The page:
21 December 2015

'Night is a Room'

[As I disclosed on my post for Incident at Vichy on 16 December,  my computer suffered a serious malfunction just as I was starting that report.  The extensive delay caused me to push the Incident report and this one on Night is a Room back.  It’s always my intention to get my performance reports on line while the shows are still in theaters, but unfortunately, Naomi Wallace’s Night has closed now.  I apologize again to ROTters and I hope you all get some benefit from the belated reports nonetheless.  ~Rick]
Have you ever heard of GSA?  Not the Girl Scouts of America or the General Services Administration, the government agency that runs the fed’s physical plant—buildings, vehicles, and whatnot.  This GSA stands for genetic sexual attraction—and it’s not the same as “chemistry” when we talk about relationships (see Sky Masterson in Guys and Dolls discussing with Sarah Brown how to recognize love in “I’ll Know”: “Mine will come as a surprise to me / Mine I leave to chance and chemistry”).  GSA is defined in Wikipedia as “sexual attraction between close relatives, such as siblings or half-siblings, a parent and offspring, or first and second cousins, who first meet as adults.”  Apparently, it’s a thing!  And Naomi Wallace has written a play about it.

The play is Night is a Room, which my theater partner, Diana, and I saw on the evening of Friday, 4 December, at the Pershing Square Signature Center on Theatre Row.  Night was Wallace’s third and last production in Signature’s Residency One term and the production, directed by Bill Rauch (artistic director of the Oregon Shakespeare Festival since 2007), was the play’s world première.  (Her previous residency productions at Signature were And I and Silence, 2014, and The Liquid Plain, 2015.)  Wallace took her title from William Carlos Williams’s 1921 poem “Complaint,” which has a line that reads: “Night is a room / darkened for lovers.”  (Wallace has used lines from poems as titles for many of her plays.  The only other Wallace play I’ve seen, One Flea Spare, which I saw at the Public Theater in 1996, takes its title from John Donne’s “The Flea,” published in 1633.  As with Night, the poems often don’t seem to have anything to do with the plays or their themes.  “Complaint,” for instance, is about a doctor—which was Williams’s other profession—paying a house call on a patient.)  Night started previews in the Alice Griffin Jewel Box Theatre on 3 November and opened on 22 November; the première closed on 20 December (after a week’s extension).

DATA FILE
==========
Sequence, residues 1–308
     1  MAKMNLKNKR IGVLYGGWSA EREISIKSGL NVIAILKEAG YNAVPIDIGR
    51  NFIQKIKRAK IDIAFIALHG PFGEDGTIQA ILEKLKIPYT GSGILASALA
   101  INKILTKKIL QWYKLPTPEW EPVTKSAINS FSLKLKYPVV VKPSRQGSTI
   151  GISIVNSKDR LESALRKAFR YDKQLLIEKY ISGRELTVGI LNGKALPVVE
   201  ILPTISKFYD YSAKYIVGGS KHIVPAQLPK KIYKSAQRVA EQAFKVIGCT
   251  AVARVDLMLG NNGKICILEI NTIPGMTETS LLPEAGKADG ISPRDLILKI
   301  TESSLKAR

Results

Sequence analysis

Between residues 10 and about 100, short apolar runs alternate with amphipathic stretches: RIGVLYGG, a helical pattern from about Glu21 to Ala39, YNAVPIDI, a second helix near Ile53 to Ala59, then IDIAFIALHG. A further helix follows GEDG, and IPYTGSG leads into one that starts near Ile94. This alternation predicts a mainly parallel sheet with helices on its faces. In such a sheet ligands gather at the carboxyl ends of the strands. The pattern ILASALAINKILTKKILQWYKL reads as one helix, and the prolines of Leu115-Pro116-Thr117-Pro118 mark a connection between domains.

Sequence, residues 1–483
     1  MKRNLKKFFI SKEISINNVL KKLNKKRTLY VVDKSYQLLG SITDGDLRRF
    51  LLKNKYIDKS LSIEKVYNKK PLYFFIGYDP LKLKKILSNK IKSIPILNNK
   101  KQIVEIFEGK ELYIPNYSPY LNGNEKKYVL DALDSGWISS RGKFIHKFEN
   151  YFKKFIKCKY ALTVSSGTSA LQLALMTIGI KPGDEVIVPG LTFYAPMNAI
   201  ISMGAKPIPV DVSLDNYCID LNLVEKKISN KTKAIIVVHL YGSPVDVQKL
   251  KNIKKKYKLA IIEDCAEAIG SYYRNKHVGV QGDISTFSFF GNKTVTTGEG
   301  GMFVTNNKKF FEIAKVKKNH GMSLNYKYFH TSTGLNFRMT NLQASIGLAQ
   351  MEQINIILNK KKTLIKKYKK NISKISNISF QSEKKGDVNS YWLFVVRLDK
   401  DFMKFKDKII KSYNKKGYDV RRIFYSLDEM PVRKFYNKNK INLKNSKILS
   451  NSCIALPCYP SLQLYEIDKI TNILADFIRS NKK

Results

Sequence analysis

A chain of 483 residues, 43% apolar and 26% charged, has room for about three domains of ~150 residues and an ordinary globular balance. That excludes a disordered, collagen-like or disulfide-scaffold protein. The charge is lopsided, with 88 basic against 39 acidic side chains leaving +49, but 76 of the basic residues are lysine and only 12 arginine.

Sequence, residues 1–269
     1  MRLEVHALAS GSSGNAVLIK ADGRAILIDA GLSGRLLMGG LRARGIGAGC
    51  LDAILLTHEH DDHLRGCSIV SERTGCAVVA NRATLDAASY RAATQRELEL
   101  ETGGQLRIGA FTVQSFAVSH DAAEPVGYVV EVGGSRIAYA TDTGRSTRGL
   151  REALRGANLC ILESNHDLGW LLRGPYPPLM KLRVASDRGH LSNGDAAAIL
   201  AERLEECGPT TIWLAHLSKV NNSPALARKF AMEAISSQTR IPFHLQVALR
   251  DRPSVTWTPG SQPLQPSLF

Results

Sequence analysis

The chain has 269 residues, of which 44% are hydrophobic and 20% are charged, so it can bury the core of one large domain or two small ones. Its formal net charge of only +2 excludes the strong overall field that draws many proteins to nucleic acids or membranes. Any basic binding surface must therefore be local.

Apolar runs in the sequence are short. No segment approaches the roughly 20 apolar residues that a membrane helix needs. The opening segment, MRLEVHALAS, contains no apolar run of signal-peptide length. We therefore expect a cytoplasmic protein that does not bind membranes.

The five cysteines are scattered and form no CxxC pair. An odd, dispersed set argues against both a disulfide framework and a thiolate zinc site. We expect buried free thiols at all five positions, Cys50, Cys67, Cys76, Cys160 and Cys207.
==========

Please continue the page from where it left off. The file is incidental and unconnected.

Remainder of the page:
Naomi Wallace was born in Prospect, Kentucky, in 1960.  She lives part of the time in Kentucky and part with her husband and family in Yorkshire, England.  Best known as a playwright, Wallace is also a poet and screenwriter; she also composes adaptations of novels for the stage (William Wharton’s Birdy, Harvest by Jim Crace of the U.K., Returning to Haifa by Palestinian writer Ghassan Kanafani, Palestinian-American playwright’s The Corpse Washer).  She’s been called “a dedicated advocate for justice and human rights in the U.S. and abroad, and for Palestinian rights in the Middle East” and was detained by Homeland Security in 2007 for travelling to Cuba. 

Most of the dramatist’s plays before Night have been non-realistic in style—appearances of ghosts and dead children “always seem to end up in my plays,” Wallace quippedand were drawn from “stories outside of myself, and often in histories that have not been brought to light.”  Her works are praised less for their narrative strength than for the lyricism of her writing (which one reviewer noted “arguably serves as a protective shield against a clear-eyed assessment of their structure.”)  The new script, she said, is based on a story “that was actually told to me” and she thought, “I must write a play about this story someday.”  Some years later, when French producer Anne Terrail (granddaughter of Jack L. Warner of Warner Bros.) commissioned her to write a new play, she returned to the dark tale she’d heard.  (Night is a Room was first read in English in Paris, but not produced there.) 

Though Wallace acknowledges that she’s “not part of the mainstream” of American dramatists and has “never had what one would call a big ‘hit,’” her work is produced in the United Kingdom, Europe, the United States, and the Middle East.  Her produced plays include (alongside those staged at Signature) In the Heart of America, Slaughter City, One Flea Spare, The Trestle at Pope Lick Creek, Things of Dry Hours, The Fever Chart: Three Visions of the Middle East, and The Hard Weather Boating Party.  Her adaptation of Birdy premièred in London in 1997; in 2009, One Flea Spare was made a permanent part of the repertoire of the Comédie-Française.  Films for which Wallace wrote or co-wrote the screenplays include Lawn Dogs, The War Boys, Flying Blind (with Bruce McLeod).  The playwright has won the Susan Smith Blackburn Prize (twice), Joseph Kesselring Prize, Fellowship of Southern Writers Drama Award, an Obie Award (for One Flea Spare, 1996-97), and the 2012 Horton Foote Award for most promising new American play (The Liquid Plain).  She’s also a recipient of a MacArthur Fellowship in 2013 and a 2014 National Endowment for the Arts development grant.  In 2013, Wallace received the inaugural Windham Campbell Prize for drama and in 2015, an Arts and Letters Award in Literature.  Wallace has taught English literature, poetry, and playwriting at Yale University, UCLA, University of Iowa, Illinois State University, Merrimack College, Hampshire College, American University of Cairo, and Vrije University of Amsterdam, among other institutions.